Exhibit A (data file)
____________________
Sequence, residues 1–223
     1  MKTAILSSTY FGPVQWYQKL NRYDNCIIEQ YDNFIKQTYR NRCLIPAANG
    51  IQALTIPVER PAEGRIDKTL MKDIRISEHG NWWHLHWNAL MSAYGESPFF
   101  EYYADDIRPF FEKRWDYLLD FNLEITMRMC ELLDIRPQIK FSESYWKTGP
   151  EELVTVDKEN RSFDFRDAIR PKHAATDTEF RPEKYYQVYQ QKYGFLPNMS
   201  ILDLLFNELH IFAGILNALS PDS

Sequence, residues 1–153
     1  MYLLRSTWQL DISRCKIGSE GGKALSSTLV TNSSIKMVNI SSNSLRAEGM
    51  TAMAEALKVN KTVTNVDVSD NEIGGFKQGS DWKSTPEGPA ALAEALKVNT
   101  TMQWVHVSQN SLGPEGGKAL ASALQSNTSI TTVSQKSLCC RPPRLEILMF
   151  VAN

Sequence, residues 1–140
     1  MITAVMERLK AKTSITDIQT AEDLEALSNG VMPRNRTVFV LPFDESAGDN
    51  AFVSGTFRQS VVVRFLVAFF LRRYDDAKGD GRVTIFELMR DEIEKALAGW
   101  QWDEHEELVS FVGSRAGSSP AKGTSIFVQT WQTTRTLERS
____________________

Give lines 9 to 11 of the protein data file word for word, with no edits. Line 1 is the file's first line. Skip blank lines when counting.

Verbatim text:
    51  TAMAEALKVN KTVTNVDVSD NEIGGFKQGS DWKSTPEGPA ALAEALKVNT
   101  TMQWVHVSQN SLGPEGGKAL ASALQSNTSI TTVSQKSLCC RPPRLEILMF
   151  VAN